Old Marine Engines-The World of the One-Lunger, is a new book which brings together a fascinating combination of history, technical talk, and people stories you won't want to miss.
Stan Grayson, who wrote it, records the tale of what happened to one lungers-which might otherwise have escaped into the land of limbo and the sea of no return.
Grayson talks about it in his preface:
'The two-cycle marine engine, the classic one-lunger, belonged to a world that has ceased to exist. It was a product of the great move toward mechanization and away from a centuries-old reliance on the craft of sail. Gas engines spawned a new craft. For a quarter of a century and more, these engines represented a way of life for their owners. They were part of a working world in which, to survive, a fisherman had to know how to fix things by himself. He had to know how things worked. Mostly, these fishermen lived in scattered harbors and out ports all along the coasts. They were able men, and they got by. Their two-cycle engines were as much a part of daily life as horses or boats.'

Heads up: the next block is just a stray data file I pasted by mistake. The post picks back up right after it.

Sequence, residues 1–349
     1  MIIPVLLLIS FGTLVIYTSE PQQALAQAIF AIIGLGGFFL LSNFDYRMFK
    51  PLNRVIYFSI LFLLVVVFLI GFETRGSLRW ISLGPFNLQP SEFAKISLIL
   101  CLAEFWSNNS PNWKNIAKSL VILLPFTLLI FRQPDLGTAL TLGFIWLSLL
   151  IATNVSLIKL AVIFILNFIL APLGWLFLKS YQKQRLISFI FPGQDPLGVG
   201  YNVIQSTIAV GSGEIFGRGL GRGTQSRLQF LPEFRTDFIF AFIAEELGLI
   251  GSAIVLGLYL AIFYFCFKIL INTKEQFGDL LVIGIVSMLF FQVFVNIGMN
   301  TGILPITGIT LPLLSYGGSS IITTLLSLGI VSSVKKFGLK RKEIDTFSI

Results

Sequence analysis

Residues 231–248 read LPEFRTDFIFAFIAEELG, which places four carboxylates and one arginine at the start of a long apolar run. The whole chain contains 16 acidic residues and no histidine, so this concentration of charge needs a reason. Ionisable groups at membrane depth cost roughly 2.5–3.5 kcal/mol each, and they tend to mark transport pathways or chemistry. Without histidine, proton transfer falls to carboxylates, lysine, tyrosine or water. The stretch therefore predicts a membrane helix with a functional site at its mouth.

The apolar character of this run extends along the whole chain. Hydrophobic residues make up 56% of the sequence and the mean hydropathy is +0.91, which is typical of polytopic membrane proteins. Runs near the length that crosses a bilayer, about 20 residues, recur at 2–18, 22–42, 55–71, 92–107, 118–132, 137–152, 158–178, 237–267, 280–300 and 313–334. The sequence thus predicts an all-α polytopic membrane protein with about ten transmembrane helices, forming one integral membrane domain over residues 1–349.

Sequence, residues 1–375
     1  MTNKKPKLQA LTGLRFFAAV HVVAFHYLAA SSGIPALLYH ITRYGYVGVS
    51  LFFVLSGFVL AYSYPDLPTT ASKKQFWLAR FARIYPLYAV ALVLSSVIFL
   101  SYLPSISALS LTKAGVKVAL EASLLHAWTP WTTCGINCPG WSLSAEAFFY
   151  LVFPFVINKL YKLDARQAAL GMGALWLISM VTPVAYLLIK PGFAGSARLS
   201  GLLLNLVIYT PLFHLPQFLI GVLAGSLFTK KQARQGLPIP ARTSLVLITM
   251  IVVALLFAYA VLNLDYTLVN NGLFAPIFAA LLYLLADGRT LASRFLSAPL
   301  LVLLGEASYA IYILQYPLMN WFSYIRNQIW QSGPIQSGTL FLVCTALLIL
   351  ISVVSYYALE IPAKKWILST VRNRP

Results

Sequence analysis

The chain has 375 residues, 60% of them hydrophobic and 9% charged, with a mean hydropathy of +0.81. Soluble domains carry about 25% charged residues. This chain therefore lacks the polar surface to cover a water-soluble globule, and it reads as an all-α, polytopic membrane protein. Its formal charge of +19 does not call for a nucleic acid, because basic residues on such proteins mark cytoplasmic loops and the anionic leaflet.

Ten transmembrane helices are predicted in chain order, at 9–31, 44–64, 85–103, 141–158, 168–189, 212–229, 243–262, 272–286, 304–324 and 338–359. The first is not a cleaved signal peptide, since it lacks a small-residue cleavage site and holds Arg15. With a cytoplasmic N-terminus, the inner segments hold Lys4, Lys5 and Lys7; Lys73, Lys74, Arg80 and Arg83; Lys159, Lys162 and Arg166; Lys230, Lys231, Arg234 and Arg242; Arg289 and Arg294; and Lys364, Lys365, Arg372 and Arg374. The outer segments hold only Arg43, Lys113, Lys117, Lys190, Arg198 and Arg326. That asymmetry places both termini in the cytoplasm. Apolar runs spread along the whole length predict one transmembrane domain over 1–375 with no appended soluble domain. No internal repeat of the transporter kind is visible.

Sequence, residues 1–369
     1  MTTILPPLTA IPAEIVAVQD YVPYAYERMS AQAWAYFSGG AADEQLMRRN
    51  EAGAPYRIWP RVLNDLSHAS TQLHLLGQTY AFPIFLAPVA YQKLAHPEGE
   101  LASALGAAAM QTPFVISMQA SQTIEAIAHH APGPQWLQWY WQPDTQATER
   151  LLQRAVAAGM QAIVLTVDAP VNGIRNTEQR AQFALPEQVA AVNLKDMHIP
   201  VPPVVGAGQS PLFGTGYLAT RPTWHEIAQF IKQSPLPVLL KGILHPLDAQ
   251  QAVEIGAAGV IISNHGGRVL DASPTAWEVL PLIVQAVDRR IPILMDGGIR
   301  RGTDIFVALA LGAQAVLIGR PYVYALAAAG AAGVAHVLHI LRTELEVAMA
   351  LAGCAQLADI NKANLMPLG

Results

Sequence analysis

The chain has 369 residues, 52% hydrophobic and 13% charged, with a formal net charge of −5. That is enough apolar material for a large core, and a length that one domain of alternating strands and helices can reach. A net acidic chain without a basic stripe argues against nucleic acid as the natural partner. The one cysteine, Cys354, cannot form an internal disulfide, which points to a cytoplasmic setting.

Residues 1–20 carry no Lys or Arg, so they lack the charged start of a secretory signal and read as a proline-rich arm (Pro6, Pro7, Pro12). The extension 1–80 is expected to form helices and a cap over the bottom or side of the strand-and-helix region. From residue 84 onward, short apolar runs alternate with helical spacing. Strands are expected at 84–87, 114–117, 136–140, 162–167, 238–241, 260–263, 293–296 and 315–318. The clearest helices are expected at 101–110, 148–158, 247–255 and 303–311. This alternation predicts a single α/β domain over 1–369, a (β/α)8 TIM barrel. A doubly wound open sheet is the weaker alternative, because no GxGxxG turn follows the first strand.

Most of those people are gone, Grayson finds, but there are collectors throughout the world who are strongly devoted to the engines, the literature, the lore and everything else connected with them.
People wrote to the International Marine Publishing Co., at Camden, Me., to learn more about early marine engines. Roger Taylor, company president, asked Grayson if he would like to do a book on the subject. So he did, and here it is.
One-lungers opened brand new opportunities to fishermen and pleasure boaters. They were installed in yachts, dories, catboats, schooners, workboats and launches.
One of the engaging yarns spun by Grayson is centered on 'Daisy', a 22-foot torpedo stern launch built by Lozier Motor Co. in 1905 at Pittsburgh, N.Y. Woven in with Daisy's story is the tale of the company that made her, founded by Henry Abram Lozier, Sr. in 1900, and the man who renewed here, Jim Doughty, of Wolfeboro, N.H. What Doughty did to restore the launch makes fascinating reading for all restorers.
Included is a list of marine engine builders, plus a lot of other very informative reading, photos and drawings. For the gas engine specialist, this is a very good book.